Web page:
Amyotrophic lateral sclerosis (a-my-o-TROE-fik LAT-ur-ul skluh-ROE-sis) or ALS is a progressive disorder of the nervous system that affects nerve cells in the brain and spinal cord and results in loss of muscle control. .
ALS is often referred to as Lou Gehrig’s disease, named after the baseball player who was diagnosed. Doctors usually don’t know why ALS occurs. Some cases are inherited. Lou Gehrig’s disease Treatment in Nizamabad
The signs and symptoms of ALS vary widely from person to person, depending on the neurons affected. Signs and symptoms can include:
- Difficulty walking or doing normal daily activities
- Trip and fall
- Weakness in the leg, feet, or ankle
- Weakness or clumsiness of the hand
- Blurred speech or difficulty swallowing
- Muscle spasms and contractions in the arms, shoulders and tongue
- Inappropriate crying, laughing, or yawning
- Cognitive and behavioral changes
ALS affects the nerve cells that control voluntary muscle movements such as walking and speaking (motor neurons). ALS causes the progressive deterioration of motor neurons, followed by their death. Motor neurons extend from the brain to the spinal cord to muscles throughout the body. When the motor neurons are damaged, they stop sending messages to the muscles, causing the muscles to stop working.
ALS is inherited by 5% to 10% of people. Otherwise the cause is unknown.
Established risk factors for ALS include:
- Inheritance. Five to 10 percent of people with ALS have inherited it (familial ALS). For most people with familial ALS, their children have a 50-50 chance of developing the disease.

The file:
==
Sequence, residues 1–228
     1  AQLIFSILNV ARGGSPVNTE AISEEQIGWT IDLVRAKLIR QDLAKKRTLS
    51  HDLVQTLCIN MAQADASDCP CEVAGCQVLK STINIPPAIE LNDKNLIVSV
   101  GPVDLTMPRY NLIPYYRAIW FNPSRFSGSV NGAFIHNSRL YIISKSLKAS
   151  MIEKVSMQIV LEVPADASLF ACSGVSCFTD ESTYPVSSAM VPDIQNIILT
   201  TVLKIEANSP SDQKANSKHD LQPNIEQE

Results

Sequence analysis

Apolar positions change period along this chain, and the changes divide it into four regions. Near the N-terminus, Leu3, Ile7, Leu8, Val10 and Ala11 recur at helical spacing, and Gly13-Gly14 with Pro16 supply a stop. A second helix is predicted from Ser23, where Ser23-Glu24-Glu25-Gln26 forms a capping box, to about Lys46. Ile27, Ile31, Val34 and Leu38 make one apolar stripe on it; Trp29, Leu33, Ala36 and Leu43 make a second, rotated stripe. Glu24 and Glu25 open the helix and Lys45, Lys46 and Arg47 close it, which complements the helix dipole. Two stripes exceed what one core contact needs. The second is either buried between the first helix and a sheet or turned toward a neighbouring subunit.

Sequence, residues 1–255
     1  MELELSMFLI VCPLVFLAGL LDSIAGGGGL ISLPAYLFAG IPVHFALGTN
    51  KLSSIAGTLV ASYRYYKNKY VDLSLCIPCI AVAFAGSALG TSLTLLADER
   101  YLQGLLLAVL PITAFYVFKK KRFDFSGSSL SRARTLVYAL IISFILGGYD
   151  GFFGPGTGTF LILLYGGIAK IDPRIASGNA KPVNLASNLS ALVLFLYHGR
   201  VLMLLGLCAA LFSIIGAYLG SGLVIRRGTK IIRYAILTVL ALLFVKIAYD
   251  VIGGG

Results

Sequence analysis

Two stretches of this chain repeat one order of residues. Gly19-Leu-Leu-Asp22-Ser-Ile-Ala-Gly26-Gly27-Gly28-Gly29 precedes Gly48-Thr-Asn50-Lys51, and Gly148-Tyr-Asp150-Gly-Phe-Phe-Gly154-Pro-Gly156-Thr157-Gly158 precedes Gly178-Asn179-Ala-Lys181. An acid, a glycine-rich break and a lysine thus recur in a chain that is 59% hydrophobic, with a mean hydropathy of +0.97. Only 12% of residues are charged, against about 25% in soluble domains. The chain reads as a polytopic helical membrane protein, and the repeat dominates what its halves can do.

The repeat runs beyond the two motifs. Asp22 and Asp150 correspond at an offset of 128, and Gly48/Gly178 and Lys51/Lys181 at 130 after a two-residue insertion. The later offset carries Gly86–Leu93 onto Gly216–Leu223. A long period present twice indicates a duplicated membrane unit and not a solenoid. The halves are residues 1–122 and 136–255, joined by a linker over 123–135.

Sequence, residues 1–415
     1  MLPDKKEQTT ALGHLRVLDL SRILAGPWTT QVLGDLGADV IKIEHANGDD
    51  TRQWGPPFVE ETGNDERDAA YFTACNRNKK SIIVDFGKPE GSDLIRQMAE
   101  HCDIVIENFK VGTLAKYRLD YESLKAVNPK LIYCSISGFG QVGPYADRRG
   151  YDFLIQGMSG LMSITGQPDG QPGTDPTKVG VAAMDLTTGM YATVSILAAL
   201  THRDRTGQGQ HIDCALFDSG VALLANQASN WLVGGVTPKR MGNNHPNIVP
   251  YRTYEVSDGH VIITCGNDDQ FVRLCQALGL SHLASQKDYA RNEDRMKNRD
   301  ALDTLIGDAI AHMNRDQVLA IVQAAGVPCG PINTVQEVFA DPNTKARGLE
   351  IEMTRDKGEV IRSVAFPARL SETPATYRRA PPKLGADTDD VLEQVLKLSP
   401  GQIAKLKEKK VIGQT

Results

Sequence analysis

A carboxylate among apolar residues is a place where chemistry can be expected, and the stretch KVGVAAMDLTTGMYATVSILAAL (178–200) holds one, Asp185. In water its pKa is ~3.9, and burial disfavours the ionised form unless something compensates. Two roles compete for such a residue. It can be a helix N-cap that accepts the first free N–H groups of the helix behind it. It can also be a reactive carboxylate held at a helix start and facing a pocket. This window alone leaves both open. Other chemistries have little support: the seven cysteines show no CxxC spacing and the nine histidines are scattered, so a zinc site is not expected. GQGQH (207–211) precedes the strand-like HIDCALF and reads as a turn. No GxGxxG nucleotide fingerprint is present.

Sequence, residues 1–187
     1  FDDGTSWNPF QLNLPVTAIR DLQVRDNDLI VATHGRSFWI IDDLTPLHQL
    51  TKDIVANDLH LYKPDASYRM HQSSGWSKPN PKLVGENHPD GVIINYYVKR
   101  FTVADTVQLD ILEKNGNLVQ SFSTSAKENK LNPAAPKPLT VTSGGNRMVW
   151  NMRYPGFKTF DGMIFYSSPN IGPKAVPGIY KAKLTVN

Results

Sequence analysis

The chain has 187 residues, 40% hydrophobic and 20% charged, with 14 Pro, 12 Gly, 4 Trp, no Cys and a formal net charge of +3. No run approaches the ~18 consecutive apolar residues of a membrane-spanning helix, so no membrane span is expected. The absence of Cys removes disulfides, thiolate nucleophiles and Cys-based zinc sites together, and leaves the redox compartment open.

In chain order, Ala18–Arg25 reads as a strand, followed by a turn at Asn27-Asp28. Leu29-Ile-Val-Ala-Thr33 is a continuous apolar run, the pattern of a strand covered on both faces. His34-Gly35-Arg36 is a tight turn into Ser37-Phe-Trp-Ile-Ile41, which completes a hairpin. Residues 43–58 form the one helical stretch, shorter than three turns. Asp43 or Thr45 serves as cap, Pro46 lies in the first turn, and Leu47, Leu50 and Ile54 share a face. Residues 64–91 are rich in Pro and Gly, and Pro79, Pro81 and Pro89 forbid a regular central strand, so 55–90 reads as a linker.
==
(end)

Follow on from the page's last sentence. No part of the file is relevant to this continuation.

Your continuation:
- Age. The risk of ALS increases with age and is most common between your 40s and mid-60s.
- Sex. Before the age of 65, slightly more men than women develop ALS. This gender difference disappears after 70 years.
- Genetically. Some studies examining the entire human genome have found many similarities in genetic variations in people with familial ALS and some with non-inherited ALS. These genetic variations could make people more susceptible to ALS. Lou Gehrig’s disease Treatment in Nizamabad
In the course of the disease, ALS leads to complications such as:
- Difficulty breathing
Over time, ALS paralyzes the muscles that you breathe with. You may need a device that allows you to breathe at night, much like someone with sleep apnea could wear. For example, you may be given continuous positive airway pressure (CPAP) or two-stage positive airway pressure (BiPAP) to help you breathe better at night.
- Some people with advanced ALS choose to have a tracheotomy – a surgically created hole in the neck that leads to the windpipe (windpipe) – to use a full-time ventilator that inflates and deflates their lungs.
- The leading cause of death in people with ALS is respiratory failure. On average, death occurs within three to five years of the onset of symptoms. However, some people with ALS live 10 years or more. Lou Gehrig’s disease Treatment in Nizamabad